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TWO NOTES Le Lead Preamp Pedal – The Gear Gods Review

The idea of the preamp pedal seems to be gaining some serious popularity lately in a way that is reminiscent of the trend of late 80’s/early 90’s rackmount preamps. In the same way that they wanted to separate the power amp from the preamp for a modular kind of freedom, preamp pedals represent a way to add variety to your sound without having to haul a multitude of full amplifiers around. You can carry several different preamp sounds on your pedalboard now, and have them each going into the same power amp and cabinet (or sim). You can have a plethora of analog tones without resorting to digital modelers, but still having some of the same flexibility.

Of course, for most typical preamp pedals, wiring them up so there’s only one running at a time can be tricky – avoiding the pedal tap-dance is key. Enter the Le Preamp pedals from Two Notes. They come in 4 flavors – Le Clean, Le Crunch, Le Lead and Le Bass, each with a tube-powered preamp. I’m sure you can figure out from the names what kind of sounds you’ll get from each – but it’s not just the sounds that are important. The design of these pedals is the real star. With I/O rivaling some digital interfaces on the market, and no-sweat MIDI integration, the Le Preamps (I know it’s redundant to say the Le, but that’s their name!) work together so gracefully that it’s a wonder no one did something like this before. With the way the MIDI is pre-set in the pedals, you can have a bunch of them chained together in series, and as long as they’re connected via MIDI, they know when you’ve turned one channel on, and all the others will automatically bypass seamlessly.

I reviewed the Le Lead pedal, which is the red, high gain one. It’s a Mesa-of-some-kind type of sound, with a smooth, saturated distortion, and a powerful sweepable mid control that will take you to tonal territory beyond the typical controls found on many preamp sections of amplifiers. There are 2 channels, a clean and a lead, and the Fusion feature which allows you to run the channels in either parallel (Cold Fusion) or series (Hot Fusion), which gives you a clean/distorted combination or a boosted lead sound, respectively. The built-in loop allows you to add pedals that will come after the preamp, but will be muted if the pedal is bypassed, meaning you can have a separate loop for each Le Preamp on your board. I think the loop could be improved by the inclusion of two switches: one that makes the loop pre or post, and one that allows you to have it on or off per channel (or assign it to another button altogether). But that’s me being picky – this pedal is already packed with functionality.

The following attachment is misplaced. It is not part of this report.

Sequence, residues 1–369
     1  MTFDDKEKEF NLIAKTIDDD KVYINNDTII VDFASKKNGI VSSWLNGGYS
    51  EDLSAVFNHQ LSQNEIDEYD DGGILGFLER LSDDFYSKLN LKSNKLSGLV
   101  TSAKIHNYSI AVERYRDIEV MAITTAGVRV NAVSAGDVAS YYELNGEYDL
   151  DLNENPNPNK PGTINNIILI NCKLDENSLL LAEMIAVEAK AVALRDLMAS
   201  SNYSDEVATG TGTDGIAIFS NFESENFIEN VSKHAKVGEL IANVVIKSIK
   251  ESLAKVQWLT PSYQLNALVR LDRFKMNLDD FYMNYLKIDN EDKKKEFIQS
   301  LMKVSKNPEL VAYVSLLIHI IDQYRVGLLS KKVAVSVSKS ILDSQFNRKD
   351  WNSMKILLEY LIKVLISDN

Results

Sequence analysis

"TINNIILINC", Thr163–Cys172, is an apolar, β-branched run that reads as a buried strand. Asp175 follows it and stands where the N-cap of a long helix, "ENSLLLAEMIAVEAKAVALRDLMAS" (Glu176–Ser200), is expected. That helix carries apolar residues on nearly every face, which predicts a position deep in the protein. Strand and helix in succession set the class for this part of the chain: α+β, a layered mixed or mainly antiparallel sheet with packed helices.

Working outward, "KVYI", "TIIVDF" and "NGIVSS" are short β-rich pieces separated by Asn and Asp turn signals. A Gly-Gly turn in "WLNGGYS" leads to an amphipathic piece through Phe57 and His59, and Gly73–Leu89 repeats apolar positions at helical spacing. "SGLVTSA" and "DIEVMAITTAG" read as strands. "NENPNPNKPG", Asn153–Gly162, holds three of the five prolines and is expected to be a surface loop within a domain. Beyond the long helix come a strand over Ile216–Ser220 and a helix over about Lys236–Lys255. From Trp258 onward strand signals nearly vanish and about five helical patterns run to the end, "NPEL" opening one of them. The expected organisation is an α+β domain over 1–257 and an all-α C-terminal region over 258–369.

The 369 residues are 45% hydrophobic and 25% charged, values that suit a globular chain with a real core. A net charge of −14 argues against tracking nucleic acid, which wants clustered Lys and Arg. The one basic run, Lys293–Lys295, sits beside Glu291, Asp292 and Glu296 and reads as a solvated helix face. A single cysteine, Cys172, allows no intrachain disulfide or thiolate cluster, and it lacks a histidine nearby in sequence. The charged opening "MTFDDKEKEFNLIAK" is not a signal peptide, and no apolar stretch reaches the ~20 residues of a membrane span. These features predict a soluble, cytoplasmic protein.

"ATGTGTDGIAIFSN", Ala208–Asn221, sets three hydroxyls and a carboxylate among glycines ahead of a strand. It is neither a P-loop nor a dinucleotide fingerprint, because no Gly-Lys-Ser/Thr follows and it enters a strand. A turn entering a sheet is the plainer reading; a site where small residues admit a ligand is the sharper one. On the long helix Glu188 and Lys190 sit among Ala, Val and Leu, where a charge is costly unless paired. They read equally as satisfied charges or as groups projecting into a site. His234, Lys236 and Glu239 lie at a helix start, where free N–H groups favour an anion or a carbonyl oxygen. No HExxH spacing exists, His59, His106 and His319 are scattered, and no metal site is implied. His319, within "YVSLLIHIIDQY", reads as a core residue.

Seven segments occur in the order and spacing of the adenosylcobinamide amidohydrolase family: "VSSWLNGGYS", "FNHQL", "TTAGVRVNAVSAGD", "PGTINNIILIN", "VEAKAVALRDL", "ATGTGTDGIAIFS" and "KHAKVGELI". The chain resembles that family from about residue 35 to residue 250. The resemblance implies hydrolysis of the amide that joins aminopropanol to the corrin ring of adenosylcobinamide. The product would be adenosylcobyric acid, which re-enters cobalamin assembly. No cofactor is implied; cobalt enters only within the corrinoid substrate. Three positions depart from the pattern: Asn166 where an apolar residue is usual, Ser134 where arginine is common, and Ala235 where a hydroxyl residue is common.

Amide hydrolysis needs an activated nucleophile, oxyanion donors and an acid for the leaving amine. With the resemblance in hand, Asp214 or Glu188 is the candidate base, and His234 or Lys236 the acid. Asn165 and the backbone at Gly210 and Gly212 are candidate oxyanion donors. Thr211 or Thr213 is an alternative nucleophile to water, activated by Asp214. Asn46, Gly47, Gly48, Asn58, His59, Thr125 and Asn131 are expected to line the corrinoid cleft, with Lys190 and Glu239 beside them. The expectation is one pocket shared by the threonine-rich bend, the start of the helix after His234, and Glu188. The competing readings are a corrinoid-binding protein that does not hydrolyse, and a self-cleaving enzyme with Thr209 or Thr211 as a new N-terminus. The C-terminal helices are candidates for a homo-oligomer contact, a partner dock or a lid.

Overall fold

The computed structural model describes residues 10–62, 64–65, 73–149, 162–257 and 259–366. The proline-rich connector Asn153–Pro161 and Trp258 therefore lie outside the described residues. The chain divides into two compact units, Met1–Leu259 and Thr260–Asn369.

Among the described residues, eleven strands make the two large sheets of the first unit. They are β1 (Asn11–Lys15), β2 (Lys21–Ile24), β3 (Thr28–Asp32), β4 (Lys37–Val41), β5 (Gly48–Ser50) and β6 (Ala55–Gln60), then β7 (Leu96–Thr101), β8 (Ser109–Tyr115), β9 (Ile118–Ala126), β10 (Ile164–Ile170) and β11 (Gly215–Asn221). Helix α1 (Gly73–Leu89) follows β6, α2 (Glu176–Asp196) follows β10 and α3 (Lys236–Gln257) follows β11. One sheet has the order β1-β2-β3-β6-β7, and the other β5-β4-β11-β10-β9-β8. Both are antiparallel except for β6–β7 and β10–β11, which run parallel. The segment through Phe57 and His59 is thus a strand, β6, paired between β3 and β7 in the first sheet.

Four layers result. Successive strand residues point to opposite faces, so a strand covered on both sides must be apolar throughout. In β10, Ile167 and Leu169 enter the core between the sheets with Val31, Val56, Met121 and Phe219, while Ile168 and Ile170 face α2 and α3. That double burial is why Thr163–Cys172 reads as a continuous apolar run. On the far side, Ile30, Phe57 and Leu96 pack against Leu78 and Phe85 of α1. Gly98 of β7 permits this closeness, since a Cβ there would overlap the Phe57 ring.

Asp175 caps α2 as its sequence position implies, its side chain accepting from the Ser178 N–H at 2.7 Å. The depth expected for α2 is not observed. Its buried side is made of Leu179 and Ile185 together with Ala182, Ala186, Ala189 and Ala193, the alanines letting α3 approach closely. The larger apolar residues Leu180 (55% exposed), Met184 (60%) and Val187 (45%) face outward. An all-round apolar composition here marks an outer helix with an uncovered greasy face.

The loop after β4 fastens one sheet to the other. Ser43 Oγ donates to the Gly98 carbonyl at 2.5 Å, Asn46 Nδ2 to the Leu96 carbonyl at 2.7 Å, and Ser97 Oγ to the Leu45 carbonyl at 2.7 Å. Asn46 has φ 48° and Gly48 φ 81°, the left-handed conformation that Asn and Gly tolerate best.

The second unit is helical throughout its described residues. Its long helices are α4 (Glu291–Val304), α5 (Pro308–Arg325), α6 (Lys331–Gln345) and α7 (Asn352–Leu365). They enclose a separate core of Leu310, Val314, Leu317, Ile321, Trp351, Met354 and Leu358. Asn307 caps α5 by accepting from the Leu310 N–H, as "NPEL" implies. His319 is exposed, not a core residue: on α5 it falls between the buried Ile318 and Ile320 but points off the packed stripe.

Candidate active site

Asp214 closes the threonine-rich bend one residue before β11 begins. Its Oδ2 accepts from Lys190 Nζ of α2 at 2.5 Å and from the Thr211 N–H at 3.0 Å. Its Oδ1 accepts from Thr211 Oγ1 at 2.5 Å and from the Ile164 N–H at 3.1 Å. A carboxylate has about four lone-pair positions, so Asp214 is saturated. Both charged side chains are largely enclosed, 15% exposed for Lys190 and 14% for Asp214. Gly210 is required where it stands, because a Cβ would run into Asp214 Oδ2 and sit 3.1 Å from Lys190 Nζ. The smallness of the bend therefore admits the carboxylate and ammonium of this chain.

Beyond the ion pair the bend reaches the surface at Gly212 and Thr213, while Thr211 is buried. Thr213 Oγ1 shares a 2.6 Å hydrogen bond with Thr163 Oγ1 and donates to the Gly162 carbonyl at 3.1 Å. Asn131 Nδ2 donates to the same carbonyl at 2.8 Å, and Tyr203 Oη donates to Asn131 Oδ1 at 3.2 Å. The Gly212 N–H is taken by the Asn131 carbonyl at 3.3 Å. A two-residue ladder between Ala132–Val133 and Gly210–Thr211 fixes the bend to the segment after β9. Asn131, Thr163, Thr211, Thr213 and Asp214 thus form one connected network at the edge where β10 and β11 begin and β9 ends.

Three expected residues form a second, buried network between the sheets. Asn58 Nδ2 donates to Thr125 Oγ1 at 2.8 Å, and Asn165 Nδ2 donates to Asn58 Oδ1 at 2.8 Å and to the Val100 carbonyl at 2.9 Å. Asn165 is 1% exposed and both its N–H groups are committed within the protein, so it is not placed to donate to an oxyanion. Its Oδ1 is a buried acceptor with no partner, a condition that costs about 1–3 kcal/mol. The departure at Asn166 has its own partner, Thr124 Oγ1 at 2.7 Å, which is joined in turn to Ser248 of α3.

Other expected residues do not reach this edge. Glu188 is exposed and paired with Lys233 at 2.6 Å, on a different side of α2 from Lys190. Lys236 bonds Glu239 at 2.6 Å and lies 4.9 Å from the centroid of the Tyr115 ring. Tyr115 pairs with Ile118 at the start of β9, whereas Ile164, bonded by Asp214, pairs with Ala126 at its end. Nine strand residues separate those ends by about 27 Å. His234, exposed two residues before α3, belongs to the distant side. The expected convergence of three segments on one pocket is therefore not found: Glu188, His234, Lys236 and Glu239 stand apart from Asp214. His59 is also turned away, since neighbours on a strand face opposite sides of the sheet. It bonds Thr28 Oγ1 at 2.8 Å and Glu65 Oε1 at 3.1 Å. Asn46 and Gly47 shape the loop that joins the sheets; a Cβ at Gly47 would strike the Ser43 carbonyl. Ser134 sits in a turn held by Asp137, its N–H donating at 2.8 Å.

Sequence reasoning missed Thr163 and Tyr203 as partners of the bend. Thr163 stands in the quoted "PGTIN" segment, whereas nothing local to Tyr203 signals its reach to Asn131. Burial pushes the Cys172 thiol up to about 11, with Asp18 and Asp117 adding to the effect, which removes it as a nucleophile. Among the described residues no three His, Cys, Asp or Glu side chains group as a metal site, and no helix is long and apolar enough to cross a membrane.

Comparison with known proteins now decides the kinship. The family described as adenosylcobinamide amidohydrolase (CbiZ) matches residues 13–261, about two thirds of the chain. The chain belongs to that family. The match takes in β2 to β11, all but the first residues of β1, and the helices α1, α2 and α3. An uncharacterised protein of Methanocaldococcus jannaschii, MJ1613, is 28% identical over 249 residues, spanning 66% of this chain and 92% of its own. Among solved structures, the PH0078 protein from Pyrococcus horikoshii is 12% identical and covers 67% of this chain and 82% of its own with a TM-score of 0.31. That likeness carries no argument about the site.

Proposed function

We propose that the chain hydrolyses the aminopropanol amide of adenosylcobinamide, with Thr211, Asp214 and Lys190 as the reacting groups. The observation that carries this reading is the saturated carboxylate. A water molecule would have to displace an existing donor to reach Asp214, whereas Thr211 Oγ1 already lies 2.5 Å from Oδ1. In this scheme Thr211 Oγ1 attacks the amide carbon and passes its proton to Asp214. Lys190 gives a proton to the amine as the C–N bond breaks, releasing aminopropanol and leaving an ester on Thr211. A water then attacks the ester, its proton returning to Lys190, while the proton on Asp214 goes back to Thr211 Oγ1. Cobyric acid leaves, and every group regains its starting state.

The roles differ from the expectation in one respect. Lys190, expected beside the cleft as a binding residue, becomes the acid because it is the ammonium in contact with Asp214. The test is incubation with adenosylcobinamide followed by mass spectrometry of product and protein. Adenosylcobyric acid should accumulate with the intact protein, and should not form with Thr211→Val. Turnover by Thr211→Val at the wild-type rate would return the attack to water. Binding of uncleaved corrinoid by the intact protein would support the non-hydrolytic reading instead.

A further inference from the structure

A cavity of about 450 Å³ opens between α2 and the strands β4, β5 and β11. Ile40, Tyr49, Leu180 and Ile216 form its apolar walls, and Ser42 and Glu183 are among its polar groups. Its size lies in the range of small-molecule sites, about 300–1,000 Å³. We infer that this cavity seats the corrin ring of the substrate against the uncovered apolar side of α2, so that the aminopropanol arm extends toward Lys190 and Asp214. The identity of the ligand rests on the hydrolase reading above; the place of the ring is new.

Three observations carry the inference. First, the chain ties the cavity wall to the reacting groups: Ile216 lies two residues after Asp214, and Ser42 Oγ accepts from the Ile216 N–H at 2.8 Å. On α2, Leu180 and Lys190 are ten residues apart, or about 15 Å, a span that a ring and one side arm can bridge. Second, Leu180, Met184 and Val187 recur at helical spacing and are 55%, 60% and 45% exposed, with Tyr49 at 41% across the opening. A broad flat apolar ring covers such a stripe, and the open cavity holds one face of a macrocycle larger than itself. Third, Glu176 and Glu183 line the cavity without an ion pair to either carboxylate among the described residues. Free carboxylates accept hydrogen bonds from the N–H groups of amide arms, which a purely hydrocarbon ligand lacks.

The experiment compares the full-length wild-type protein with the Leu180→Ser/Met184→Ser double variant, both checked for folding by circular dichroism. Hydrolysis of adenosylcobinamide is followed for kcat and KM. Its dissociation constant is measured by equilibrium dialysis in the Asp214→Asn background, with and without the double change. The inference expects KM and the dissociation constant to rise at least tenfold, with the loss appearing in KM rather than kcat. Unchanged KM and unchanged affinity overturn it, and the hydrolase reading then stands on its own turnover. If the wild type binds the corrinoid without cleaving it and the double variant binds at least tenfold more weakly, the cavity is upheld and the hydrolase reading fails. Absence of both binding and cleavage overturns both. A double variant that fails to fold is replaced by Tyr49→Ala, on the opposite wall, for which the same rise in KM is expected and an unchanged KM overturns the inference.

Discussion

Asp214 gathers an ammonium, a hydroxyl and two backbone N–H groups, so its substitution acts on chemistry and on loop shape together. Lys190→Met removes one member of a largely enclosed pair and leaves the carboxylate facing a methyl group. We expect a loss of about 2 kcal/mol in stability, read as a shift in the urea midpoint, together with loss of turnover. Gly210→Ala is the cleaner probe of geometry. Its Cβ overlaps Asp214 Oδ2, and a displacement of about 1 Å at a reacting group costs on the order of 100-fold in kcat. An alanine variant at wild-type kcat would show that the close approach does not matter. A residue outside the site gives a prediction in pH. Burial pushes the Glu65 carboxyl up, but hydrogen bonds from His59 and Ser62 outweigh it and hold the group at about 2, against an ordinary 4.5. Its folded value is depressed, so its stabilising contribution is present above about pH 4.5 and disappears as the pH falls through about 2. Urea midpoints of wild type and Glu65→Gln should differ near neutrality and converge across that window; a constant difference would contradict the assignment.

The I/O alone makes this pedal light years ahead of many of its peers. Between the typical 1/4″ out to an amp, 1/4″ thru jack, a headphone jack, MIDI in and out jacks, and a DI out with optional cab sim (turned on and off with a button next to the XLR out), you have every realistic possible base covered for basically any scenario. The cab sim DI out isn’t really an ideal sound, but in a pinch, it’s considerably better than nothing. I demonstrated it pretty thoroughly in the video, it works pretty dang well for clean guitars, but it’s a little lackluster for heavy sounds.

In combination with a Two Notes Torpedo IR loader/power amp sim, this thing kills. It makes you realize how important a power amp sound is to the overall sound of the guitar, and how crucial getting the right cab IR is as well. In the video I used the Atlantic Custom cab from Rosen Digital loaded into the Torpedo, although it comes with a host of cool cabs as well. Really, the two of those (or the Torpedo C.A.B., which is a pedalboard-sized Torpedo) could be basically your whole rig, going DI into the house PA.

I think the main thing left to be desired with the Le Preamps is just more flavors. I want a Le Mark for some Mesa Mark II lead sounds with a little 5-band EQ, a Le Engl, and a Le Revv, please. I know – I’m being a picky asshole. The Le Preamps are great just the way they are, and the flexibility and tones you can get are well worth the very low price of admission ($299).

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As Editor-in-Chief of Gear Gods, I've been feeding your sick instrument fetishism and trying unsuccessfully to hide my own since 2013. I studied music on both coasts (Berklee and SSU) and now I'm just trying to put my degree to some use. That's a music degree, not an English one. I'm sure you noticed.